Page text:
The Writings of Carl Schurz/To Theodor Petrasch, October 12th, 1864


Bethlehem, Pa., Oct. 12, 1864.[2]

My dearest Friend: . . . Now I must give you a little lecture. I do not share your opinion as to what we should not do in the present crisis. You would surely not have judged so if you had shared in the great struggles which are now over. You may have been surprised when I defend the present Administration in public. But I believe that a few words regarding my way of looking at matters will make things clear to you. Every crisis in human affairs has one principal question to which all minor questions must be subordinated. We are engaged in a war in which the existence of the Nation, indeed, in which everything is involved. A party has risen in this country that threatens to overthrow all the results of the war, and that at a moment at which the final outcome is hardly doubtful, if the policy introduced is firmly adhered to. There can be no doubt that the Government has made great mistakes; persons who are directing the fate of the country are certainly far from ideal statesmen, though not nearly as insignificant as their critics would represent them to be. But that is of minor importance. The most vital thing is that the policy of the party moves in the right direction, that is to say, that the slaveholder be vanquished and slavery abolished. Whether this policy moves in that direction skilfully or awkwardly, slowly or rapidly, is a matter of little consequence in comparison with the question whether a policy should be adopted that would move in another, a wrong and disastrous, direction. Accordingly, it was easy for me to choose. I did not hesitate one moment. If Frémont and McClellan had been my bosom friends and the members of the present Administration had been my deadly enemies, I should nevertheless have supported the latter.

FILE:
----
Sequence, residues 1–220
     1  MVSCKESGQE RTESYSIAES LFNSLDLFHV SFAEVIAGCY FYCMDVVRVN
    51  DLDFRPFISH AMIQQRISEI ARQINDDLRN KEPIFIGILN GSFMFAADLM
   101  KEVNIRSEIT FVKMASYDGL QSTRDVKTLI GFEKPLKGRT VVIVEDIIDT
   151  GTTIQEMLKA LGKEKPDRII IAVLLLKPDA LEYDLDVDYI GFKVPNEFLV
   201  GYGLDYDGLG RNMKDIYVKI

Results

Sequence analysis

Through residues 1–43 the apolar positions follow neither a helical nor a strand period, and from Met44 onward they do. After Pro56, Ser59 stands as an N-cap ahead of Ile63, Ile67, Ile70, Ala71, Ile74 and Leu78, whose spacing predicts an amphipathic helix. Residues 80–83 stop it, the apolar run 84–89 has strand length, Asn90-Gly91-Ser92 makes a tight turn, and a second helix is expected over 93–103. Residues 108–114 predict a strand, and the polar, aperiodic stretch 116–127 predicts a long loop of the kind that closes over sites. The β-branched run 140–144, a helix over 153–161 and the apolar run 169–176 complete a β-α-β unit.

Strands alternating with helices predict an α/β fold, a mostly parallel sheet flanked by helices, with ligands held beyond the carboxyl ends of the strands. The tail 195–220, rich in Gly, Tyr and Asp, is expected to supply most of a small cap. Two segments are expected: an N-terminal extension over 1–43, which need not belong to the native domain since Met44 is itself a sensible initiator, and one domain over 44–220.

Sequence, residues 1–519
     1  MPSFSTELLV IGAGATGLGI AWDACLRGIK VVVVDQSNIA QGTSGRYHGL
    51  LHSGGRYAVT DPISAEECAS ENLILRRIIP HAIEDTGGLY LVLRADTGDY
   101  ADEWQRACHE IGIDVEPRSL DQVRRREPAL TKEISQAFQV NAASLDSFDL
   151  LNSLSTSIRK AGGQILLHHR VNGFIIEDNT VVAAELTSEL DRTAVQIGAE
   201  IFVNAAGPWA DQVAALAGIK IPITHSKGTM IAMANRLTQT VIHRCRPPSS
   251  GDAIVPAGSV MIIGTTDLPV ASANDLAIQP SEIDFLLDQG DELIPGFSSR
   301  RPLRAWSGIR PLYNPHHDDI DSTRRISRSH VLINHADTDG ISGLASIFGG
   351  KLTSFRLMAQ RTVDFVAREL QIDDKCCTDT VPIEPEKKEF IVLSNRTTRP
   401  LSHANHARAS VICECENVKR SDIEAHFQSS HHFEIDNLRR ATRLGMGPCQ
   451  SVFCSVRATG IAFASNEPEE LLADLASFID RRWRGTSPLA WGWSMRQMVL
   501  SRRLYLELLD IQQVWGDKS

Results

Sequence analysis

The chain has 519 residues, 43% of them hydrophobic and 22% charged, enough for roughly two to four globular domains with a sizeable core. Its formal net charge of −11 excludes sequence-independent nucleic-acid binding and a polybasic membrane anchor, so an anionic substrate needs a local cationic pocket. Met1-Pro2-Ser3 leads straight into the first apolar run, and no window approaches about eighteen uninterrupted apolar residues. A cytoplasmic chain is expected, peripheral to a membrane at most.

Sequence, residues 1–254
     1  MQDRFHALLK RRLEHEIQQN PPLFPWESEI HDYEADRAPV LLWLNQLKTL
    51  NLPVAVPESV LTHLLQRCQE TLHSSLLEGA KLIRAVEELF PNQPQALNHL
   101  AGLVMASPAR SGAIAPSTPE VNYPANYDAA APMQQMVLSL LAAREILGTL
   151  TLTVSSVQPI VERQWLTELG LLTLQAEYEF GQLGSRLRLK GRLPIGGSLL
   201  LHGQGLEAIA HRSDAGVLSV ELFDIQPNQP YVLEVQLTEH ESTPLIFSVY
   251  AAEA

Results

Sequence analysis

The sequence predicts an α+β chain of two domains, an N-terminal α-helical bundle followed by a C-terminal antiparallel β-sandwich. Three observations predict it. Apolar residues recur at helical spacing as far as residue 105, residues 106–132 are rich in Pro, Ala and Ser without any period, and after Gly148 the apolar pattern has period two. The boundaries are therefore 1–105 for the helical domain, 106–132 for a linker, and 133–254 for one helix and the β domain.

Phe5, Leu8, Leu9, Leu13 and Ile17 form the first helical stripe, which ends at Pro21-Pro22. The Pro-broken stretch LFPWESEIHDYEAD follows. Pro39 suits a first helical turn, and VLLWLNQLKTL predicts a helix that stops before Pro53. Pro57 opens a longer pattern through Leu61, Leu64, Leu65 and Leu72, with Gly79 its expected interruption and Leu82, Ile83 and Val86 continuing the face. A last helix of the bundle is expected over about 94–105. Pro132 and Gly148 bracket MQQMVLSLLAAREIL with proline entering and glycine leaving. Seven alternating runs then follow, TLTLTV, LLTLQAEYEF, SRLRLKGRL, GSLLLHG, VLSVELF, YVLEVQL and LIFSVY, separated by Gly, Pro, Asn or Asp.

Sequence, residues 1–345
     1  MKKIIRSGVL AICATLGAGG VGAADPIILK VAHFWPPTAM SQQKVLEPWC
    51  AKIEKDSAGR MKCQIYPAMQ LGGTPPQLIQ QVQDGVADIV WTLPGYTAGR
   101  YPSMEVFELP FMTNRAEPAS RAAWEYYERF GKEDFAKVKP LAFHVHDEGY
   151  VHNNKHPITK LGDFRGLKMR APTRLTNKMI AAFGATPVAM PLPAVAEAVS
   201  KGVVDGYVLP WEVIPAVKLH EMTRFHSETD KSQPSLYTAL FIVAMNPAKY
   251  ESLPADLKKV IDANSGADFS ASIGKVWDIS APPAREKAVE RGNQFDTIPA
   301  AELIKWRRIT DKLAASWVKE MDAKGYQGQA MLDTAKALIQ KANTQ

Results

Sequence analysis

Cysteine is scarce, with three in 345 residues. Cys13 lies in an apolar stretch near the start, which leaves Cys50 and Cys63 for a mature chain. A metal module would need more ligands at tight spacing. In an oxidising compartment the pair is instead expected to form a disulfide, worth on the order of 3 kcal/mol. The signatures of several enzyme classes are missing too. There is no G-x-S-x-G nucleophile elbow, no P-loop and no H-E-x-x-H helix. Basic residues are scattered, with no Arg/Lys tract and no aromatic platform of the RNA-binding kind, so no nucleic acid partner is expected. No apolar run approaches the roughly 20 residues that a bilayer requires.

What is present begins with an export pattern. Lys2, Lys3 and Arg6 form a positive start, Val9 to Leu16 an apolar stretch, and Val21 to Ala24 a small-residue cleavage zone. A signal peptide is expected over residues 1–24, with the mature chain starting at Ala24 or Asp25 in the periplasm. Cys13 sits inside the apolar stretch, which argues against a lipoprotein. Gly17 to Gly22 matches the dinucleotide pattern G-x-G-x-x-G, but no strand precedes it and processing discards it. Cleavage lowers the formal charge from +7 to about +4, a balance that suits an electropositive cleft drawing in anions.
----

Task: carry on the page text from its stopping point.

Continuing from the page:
Counter-considerations of a personal nature, which you mention, such as vindictive criticism, could have no weight. If one wants to accomplish something worth while, one must not allow trifles to interfere. I have long since risen above that sort of thing. People may say what they like of me. I do not expect thanks nor even appreciation. The only true reward is within ourselves. The satisfaction I crave, I have at all times, to-day as well as formerly; it consists in having my ideas, which I have expressed in my own manner, repeated and disseminated by many persons in their own manner. Whether my patent rights are respected by them, is a matter of indifference to me. Indeed, the real purpose of the propagation of ideas is best attained if their origin is forgotten. In this respect, I have seen and experienced much that afforded me great satisfaction. The signs of the times are now very favorable. The reëlection of the President is almost certain unless some great military misfortune overwhelms us and that is not to be expected. The results of the election will determine the results of the war, and the worst will then be over. I am sending you one of my speeches, which has been published by the Congressional Committee, and in which, if you will take the trouble to read it, you will find my opinion on the nature and real object of the present party strife elucidated more clearly than I could possibly do it in a letter.